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Open-Source Framework Simplifies Machine Learning Processes –

By Jessica Kent

April 13, 2021 – Researchers at MIT’s Data to AI Lab (DAI Lab) have developed a new framework that can streamline machine learning processes to help organizations uncover actionable insights from big data.
The system, called Cardea, is open-source and uses generalizable techniques so that hospitals can share machine learning solutions with each other, leading to increased transparency and collaboration.
To develop Cardea, researchers leveraged automated machine learning, or AutoML. The goal of AutoML is to democratize predictive tools, making it easier for people to build, use, and understand machine learning models.

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AutoML systems like Cardea surface existing machine learning tools instead of requiring individuals to design and code entire models. Additionally, AutoML systems include explanations of what they do and how they work, allowing users to mix and match modules to accomplish their goals.
Researchers noted that while data scientists have built multiple machine learning tools for healthcare, most of them aren’t very accessible, even to experts.
“They’re written up in papers and hidden away,” said Sarah Alnegheimish, a graduate student in MIT’s Laboratory for Information and Decision Systems (LIDS).
To build Cardea, the team has been bringing these tools together to develop a comprehensive reference for hospital leaders.
Cardea walks users through a pipeline that features choices and safeguards at each step. Users are first greeted by a data assembler, which ingests the information they provide. Cardea is built to work with Fast Healthcare Interoperability Resources (FHIR), the current industry standard for EHRs.
Because hospitals vary in how they use FHIR, researchers built the system to adapt to different conditions and different datasets seamlessly. If there are discrepancies within the data, Cardea’s data auditor points them out so that they can be fixed or dismissed.
Next, Cardea asks users what they want to find out. For example, a provider may want to estimate how long a patient may stay in the hospital – a critical question in the context of the current pandemic, with healthcare organizations looking to manage resources.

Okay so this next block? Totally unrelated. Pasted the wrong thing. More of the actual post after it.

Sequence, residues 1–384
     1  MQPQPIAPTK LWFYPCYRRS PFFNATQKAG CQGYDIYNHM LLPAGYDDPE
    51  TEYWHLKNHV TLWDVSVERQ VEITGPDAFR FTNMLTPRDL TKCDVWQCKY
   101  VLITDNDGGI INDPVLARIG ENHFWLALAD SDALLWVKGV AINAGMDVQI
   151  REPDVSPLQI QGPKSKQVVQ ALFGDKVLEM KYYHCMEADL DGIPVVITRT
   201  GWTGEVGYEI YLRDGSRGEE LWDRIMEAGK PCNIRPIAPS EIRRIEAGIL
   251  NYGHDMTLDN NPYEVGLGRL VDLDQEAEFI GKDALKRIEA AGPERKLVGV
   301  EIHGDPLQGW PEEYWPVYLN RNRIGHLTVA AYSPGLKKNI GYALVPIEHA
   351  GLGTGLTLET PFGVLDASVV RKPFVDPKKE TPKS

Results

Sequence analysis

Users can choose between different models, and the software system then uses the dataset and models to learn patterns from previous patients. The system predicts what could happen, helping stakeholders plan ahead.
Cardea is currently set up to help with four types of resource-allocation questions. But because the pipeline incorporates so many different models, the system can be easily adapted to other scenarios that might arise. As Cardea continues to develop, the goal is for stakeholders to be able to use it to solve multiple prediction problems in the healthcare sector.
Researchers tested the accuracy of the system against users of a popular data science platform and found that it outperformed 90 percent of them. The team also tested the system’s efficacy, asking data analysts to use Cardea to make predictions on a demo healthcare dataset. The results showed that Cardea significantly improved their efficacy. For example, feature engineering took researchers five minutes when it would typically take an average of two hours.
In building the Cardea system, researchers aimed to ensure that hospital workers would be able to trust the tool.
“They should get some sense of the model, and they should know what is going on,” said Dongyu Liu, a postdoc in LIDS.
To build in even more transparency, Cardea’s next step is a model audit. By laying out a machine learning model’s strengths and weaknesses, the system gives users the ability to decide whether to accept this model’s results or to start again with a new one.
Researchers released Cardea to the public earlier this year. Because it’s open-source, users are able to integrate their own tools. The team also made sure that the software system is not only available, but also understandable and easy to use. This will also help with reproducibility, researchers noted, so that other individuals can check and understand predictions made on models built with the software.
The team also plans to build in more data visualizers and explanations to provide an even deeper view and make the software system more accessible to non-experts.
“The hope is for people to adopt it, and start contributing to it,” said Alnegheimish. “With the help of the community, we can make it something much more powerful.”